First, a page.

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The 5th Marquess of Anglesey, Henry Cyril Paget, posing on a chair in fancy costume, with winged helmet and adorned in jewels.
Henry Cyril Paget, 5th Marquis of Anglesey in one of his theatrical costumes at Plas Newydd, Anglesey | © National Trust Images/John Wickens (1864-1936)

People

Uncover the fascinating stories and lasting legacies of the people who helped shape the places we care for.

The people behind the National Trust

Octavia Hill (1838 - 1912) (after John Singer Sargent) by Reginald Grenville Eves, RA (London 1876 ¿ Middleton in Teesdale 1941)
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Octavia Hill: her life and legacy 

One of three founders of the National Trust, Octavia Hill is among the greatest social entrepreneurs in British history and the impact of her life and work is still felt today.

Black and white image of Canon Hardwicke Rawnsley (1851-1920)
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Hardwicke Rawnsley: 'Defender of the Lakes' 

As well as a founder of the National Trust, Hardwicke Rawnsley was a religious man, writer, social reformer and active campaigner for the protection of the Lake District.

A portrait of Robert Hunter (later Sir) as a young man taken in the mid 1860's. Robert Hunter (1844-1913) was a founder of the National Trust.
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Robert Hunter: legal mastermind behind the National Trust 

Find out about the work of Robert Hunter and how his job as a solicitor helped shape the National Trust.

Inclusive histories

The visitor staircase at Wightwick Manor, West Midlands, featuring Indian rush-work below the dado rail and William Morris' Willow Bough pattern wallpaper above
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Exploring LGBTQ+ history at National Trust places 

Learn more about the LGBTQ+ people with connections to the places we care for and why highlighting these stories is so important.

Oval framed photographic portrait of Henry, Airmyne and Charles Jenney, aged about 8, 9 and 10. They're shown bust-length, wearing summer clothing. It's signed on the lower right; 'Debenham G.?/Bournemouth/1929'
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Disability histories at the places in our care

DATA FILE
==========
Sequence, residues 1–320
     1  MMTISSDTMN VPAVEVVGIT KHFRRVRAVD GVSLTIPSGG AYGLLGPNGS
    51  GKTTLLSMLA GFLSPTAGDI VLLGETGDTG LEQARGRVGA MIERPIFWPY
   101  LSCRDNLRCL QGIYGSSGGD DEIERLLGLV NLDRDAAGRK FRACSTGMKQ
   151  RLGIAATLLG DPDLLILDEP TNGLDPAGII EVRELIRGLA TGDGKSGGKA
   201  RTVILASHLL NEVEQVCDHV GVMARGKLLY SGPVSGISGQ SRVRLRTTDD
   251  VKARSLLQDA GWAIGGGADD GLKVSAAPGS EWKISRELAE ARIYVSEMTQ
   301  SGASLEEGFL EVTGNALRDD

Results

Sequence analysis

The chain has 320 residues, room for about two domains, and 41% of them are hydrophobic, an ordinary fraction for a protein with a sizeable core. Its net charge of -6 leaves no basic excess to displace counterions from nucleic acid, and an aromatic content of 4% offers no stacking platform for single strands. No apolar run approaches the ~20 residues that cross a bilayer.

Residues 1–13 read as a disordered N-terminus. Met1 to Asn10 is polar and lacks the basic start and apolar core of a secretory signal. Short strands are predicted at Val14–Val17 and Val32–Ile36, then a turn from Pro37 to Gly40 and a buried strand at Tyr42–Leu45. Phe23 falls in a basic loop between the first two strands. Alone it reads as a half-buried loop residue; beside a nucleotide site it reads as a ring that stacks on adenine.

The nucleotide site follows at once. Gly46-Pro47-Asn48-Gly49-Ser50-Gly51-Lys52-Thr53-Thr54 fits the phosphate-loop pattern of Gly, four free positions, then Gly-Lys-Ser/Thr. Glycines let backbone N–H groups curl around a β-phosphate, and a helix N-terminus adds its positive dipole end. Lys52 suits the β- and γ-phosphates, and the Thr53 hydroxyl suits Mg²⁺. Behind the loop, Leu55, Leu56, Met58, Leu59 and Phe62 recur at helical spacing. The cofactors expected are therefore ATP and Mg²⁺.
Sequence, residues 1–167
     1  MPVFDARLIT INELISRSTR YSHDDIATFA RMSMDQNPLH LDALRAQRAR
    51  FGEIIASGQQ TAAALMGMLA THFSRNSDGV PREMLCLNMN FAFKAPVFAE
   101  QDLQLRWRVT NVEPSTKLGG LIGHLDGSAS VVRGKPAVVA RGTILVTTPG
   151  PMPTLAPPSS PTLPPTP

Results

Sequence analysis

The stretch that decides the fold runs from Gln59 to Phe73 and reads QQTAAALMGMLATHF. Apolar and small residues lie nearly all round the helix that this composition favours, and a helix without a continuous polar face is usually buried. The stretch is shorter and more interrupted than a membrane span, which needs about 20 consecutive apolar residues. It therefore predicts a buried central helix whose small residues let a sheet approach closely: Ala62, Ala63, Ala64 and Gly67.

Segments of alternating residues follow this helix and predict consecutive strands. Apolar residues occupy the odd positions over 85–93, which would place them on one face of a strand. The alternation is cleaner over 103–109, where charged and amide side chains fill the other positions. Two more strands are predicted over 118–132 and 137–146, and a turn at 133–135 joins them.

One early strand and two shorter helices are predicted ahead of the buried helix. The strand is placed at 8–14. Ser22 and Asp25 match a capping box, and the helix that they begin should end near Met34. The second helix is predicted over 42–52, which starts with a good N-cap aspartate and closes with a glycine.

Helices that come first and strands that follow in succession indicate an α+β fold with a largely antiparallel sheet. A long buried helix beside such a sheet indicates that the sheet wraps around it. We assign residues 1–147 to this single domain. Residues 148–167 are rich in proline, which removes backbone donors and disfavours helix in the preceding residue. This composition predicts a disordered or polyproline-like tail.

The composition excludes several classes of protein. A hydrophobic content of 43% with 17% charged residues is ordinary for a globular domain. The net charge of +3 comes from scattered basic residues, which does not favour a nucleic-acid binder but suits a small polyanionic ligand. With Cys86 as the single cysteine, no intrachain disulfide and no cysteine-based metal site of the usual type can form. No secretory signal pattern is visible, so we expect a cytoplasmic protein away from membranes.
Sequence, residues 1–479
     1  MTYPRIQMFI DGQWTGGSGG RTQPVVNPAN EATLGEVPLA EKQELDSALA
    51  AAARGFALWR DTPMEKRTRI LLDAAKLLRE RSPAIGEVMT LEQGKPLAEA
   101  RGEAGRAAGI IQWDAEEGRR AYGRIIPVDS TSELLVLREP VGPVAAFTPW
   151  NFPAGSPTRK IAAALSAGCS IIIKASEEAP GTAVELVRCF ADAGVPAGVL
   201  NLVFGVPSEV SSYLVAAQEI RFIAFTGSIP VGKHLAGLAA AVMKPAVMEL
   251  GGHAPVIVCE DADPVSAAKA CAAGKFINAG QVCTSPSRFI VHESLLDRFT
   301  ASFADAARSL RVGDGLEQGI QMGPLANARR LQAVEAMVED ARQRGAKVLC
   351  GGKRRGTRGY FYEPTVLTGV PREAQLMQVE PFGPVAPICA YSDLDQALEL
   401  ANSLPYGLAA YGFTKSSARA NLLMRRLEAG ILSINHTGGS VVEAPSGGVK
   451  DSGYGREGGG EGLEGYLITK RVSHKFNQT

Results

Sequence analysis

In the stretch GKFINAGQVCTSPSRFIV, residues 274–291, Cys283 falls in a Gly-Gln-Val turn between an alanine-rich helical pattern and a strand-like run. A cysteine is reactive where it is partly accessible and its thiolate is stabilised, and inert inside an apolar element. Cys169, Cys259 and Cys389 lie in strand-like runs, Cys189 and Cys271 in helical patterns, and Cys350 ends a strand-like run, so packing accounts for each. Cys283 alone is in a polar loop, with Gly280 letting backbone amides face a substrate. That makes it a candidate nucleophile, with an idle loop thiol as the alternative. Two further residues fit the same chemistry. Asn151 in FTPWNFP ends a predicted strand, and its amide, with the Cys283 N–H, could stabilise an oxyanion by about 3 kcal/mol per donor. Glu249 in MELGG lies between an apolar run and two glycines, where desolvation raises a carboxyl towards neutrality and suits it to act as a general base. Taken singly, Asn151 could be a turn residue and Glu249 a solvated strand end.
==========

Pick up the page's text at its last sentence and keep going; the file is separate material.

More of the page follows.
Many of the places and collections we care for tell the stories of disabled people throughout history. Learn more about the people behind these connections.

A white teapot on a stand with other china ware in the background at 575 Wandsworth Road
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Black histories and the National Trust 

Discover the places and collections we care for that have connections to black histories. Learn more about the people behind these connections, including the lady of the house at Dyrham Park and a Kenyan-born poet, novelist and civil servant at 575 Wandsworth Road.

Elizabeth Talbot, Countess of Shrewsbury, also known as Bess of Hardwick' by Rowland Lockey. Hanging in the Long Gallery at Hardwick Hall, Derbyshire
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Remarkable women in history 

Learn about remarkable women in history linked to the places in our care, from the first black woman to publish her story of slavery to the circus performer who became a countess.

Famous figures

Paul McCartney and John Lennon writing 'I Saw her Standing There' in the front room of 20 Forthlin Road, Liverpool
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History of the Beatles' Childhood Homes 

Two ordinary houses in suburban Liverpool saw the birth of a revolution in music and identity that would shape a generation.

Visitors looking at a copy of Two Bad Mice at Hill Top, near Sawrey, Lake District
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Who was Beatrix Potter? 

Discover how Beatrix Potter’s Victorian upbringing and fascination with animals culminated in a successful career as an author and illustrator and a passion for conservation.